Muldrow is one of Denali's largest glaciers. It is 35 miles (56 km) long. It comes to within one-half of a mile (.8 km) of the park road.

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5. True or False: There are three life zones at Denali National Park and Preserve.
True
. Naturalists divide Denali into three life zones. Different life forms live in each zone. The first life zone is called the taiga, the second life zone is called the moist tundra, and the third life zone is called the dry alpine tundra.

The first life zone is the lowest zone. It is called the taiga. Taiga is a Russian word meaning "land of little sticks." In this zone, there are dense forests of spruce, aspen, poplar, birch, and larch trees. Beneath the trees are blueberries, cranberries, crowberries, and other wild shrubs. In the fall, animals and birds eat the food in the taiga. Grizzlies and black bears eat the berries. This food helps the bears gain weight for their winter hibernation. Hibernation is a long winter sleep.

Did you know the taiga and the tundra are separated by the timberline? Above the timberline the weather is too harsh for trees to grow. In Denali the timberline occurs at about 2,800 feet (853 m). The tundra is hilly and almost treeless. Tundra comes from a Lapp word meaning "hill." Did you know a Lapp is a person from northern Scandinavia? In the tundra, there is a short growing season, strong winds, deep snow, and intense cold.

The second life zone is the middle zone. It is called the moist tundra. This zone begins just above the timberline. There are thick growths of birch and willow. Moose eat the twigs and bark in the winter, and caribou eat these plants in the summer.

The third life zone is the highest zone. It is called the dry alpine tundra. It starts at 3,400 feet (1,036 m). Only the smallest plant life grows here. However, these plants produce flowers. In June and July, the dry alpine tundra is covered with beautiful purple, white, and yellow flowers. There are 430 kinds of plants found in Denali, including the Alaska state flower, the forget-me-not.

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What I Learned Section 2 -- Define the following words:
Arctic Circle: Cold, icy area surrounding the North Pole

Athabascan: Language of the American Indians who live in the northernmost regions of North America

Dense: Crowded together

Lapp: Person from northern Scandinavia

Mammal: Warm-blooded animal that gives live birth and nurses its young; dogs, bears, whales, and humans are mammals

Naturalist: Scientist who studies nature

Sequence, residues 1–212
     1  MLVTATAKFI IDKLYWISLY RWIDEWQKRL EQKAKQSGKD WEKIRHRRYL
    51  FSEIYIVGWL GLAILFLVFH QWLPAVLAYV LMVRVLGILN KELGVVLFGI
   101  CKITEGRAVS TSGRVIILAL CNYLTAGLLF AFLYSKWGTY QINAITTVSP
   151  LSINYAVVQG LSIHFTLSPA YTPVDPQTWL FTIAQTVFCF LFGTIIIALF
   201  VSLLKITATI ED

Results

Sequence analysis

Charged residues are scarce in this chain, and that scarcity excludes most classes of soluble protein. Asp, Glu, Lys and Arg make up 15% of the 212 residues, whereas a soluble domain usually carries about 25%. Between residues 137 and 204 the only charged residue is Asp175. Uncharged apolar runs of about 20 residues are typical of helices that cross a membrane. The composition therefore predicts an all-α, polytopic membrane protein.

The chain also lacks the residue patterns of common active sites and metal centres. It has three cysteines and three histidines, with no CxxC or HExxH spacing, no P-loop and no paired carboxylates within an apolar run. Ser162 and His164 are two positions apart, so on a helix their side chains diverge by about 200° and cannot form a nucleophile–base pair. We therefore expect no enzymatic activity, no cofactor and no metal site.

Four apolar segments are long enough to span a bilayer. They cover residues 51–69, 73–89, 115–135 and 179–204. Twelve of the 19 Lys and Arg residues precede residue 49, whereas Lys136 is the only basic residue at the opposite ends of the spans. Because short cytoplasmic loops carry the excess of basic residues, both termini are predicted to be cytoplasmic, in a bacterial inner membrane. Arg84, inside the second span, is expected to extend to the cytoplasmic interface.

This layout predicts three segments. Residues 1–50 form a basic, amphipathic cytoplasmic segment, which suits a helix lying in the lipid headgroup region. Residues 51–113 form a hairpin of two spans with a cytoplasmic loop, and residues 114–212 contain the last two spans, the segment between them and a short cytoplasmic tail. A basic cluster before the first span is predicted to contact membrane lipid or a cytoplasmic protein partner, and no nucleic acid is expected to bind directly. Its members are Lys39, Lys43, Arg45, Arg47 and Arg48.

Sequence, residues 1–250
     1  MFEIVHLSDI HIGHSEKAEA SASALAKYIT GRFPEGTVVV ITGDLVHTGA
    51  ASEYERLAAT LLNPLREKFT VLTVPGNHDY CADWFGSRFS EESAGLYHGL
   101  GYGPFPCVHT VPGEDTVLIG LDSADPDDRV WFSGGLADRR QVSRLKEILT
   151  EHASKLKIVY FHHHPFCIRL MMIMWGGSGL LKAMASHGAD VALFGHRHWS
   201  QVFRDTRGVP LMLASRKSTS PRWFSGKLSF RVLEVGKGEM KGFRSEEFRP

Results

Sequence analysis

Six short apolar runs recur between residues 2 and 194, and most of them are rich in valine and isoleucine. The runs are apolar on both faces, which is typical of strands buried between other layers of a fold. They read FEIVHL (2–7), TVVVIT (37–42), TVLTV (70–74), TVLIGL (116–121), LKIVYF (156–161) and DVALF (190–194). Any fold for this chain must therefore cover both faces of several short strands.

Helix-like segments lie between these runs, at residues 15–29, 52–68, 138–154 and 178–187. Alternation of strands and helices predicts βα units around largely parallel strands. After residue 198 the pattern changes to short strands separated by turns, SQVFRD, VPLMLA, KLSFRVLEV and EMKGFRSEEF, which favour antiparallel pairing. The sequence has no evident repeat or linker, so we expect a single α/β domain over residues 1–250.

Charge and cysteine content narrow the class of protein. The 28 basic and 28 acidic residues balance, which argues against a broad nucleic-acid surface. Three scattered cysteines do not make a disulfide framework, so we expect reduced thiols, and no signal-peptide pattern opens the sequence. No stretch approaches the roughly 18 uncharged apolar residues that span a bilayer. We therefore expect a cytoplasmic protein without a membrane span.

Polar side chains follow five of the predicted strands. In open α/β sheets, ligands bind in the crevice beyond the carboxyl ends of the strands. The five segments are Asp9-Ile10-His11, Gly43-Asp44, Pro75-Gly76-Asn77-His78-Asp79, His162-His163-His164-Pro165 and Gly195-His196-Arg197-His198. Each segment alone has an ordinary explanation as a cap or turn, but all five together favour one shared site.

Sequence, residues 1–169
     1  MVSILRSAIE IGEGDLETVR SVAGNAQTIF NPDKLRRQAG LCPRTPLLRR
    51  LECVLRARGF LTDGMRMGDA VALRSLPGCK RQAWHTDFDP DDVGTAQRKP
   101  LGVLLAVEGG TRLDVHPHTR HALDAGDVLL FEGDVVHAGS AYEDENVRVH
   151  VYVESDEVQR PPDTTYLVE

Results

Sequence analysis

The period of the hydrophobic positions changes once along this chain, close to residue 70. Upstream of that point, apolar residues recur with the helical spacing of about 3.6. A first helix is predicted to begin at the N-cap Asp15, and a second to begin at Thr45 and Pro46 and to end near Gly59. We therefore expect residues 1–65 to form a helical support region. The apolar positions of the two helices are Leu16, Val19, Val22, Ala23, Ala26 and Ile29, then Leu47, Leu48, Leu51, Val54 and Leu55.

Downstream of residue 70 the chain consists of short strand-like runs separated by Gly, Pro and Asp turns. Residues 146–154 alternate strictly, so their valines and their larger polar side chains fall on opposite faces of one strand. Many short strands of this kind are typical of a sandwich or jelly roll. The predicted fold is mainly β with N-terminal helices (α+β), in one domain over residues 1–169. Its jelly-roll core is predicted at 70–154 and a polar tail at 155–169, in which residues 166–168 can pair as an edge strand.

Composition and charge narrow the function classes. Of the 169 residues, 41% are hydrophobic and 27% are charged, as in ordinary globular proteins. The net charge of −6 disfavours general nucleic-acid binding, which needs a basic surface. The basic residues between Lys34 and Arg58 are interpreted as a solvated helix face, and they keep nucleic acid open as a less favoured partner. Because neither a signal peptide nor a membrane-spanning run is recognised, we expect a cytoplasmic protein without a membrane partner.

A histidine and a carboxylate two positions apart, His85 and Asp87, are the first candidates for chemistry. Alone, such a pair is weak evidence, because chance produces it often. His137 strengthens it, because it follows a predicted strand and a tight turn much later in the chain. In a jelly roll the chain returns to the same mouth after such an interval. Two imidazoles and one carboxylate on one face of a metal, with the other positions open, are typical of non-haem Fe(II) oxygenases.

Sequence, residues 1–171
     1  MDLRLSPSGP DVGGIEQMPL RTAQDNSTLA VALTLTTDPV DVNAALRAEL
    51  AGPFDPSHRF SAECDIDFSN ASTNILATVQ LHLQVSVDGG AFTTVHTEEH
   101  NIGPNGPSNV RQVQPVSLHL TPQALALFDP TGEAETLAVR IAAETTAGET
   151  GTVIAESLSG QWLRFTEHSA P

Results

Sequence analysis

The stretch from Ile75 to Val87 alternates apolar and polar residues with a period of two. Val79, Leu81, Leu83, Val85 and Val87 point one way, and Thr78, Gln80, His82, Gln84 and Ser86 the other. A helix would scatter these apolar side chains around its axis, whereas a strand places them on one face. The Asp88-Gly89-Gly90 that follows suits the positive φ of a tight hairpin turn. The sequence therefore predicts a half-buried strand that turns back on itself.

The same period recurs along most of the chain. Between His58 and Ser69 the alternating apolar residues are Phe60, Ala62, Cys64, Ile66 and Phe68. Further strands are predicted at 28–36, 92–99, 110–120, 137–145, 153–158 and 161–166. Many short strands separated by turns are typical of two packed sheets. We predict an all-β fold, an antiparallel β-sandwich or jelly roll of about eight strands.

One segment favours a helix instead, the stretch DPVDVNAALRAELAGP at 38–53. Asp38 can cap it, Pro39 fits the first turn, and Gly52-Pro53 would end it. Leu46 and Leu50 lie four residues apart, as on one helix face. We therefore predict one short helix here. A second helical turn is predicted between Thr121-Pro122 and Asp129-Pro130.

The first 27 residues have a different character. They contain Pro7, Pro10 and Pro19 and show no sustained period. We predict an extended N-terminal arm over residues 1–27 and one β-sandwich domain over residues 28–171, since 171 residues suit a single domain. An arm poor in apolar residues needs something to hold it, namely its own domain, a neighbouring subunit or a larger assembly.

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Bonus Questions (Answer 1 of the Following Questions for Your FREE Bookmark):
a.
How many miles is the Alaska Iditarod Trail Sled-Dog Race?
1,100 miles or 1,770 kilometers. The Alaska Iditarod Trail Sled-Dog Race is held every February. It runs from Anchorage to Nome.

Fifteen minutes from the Visitor Access Center, park rangers give daily dog-sledding demonstrations. Sled-dogs are strong, hearty, and courageous. They have great endurance allowing them to pull sleds over long distances. Did you know a sled-dog team can travel 20 to 40 miles (32 to 64 km) a day?

A sled-dog team usually has three to eight dogs. Each dog is hitched one behind the other. Sometimes, two dogs are hitched side by side. The lead dog takes commands from the driver. The driver walks or runs along side the sled and hops on the back of the sled every few minutes.

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b. Use five of the words in Section 2 in a sentence.
Answers may vary. Here are sample sentences from our young readers:
The Arctic Circle is near the North Pole, and it is very cold.

I do not speak Athabascan.

Our city is very dense.

A Lapp is a person from Scandinavia.

Elephants are mammals.

My aunt is a naturalist, and she studies nature.

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c. Have a parent or friend give you a spelling test with EACH of the words in Section 2.

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More Valuable Information about Independence Day:
Denali National Park and Preserve (NPS)
Geology of Denali National Park and Preserve (NPS)
Denali National Park, Alaska
Denali National Park (Alaskan.com)
Denali (AreaParks.com)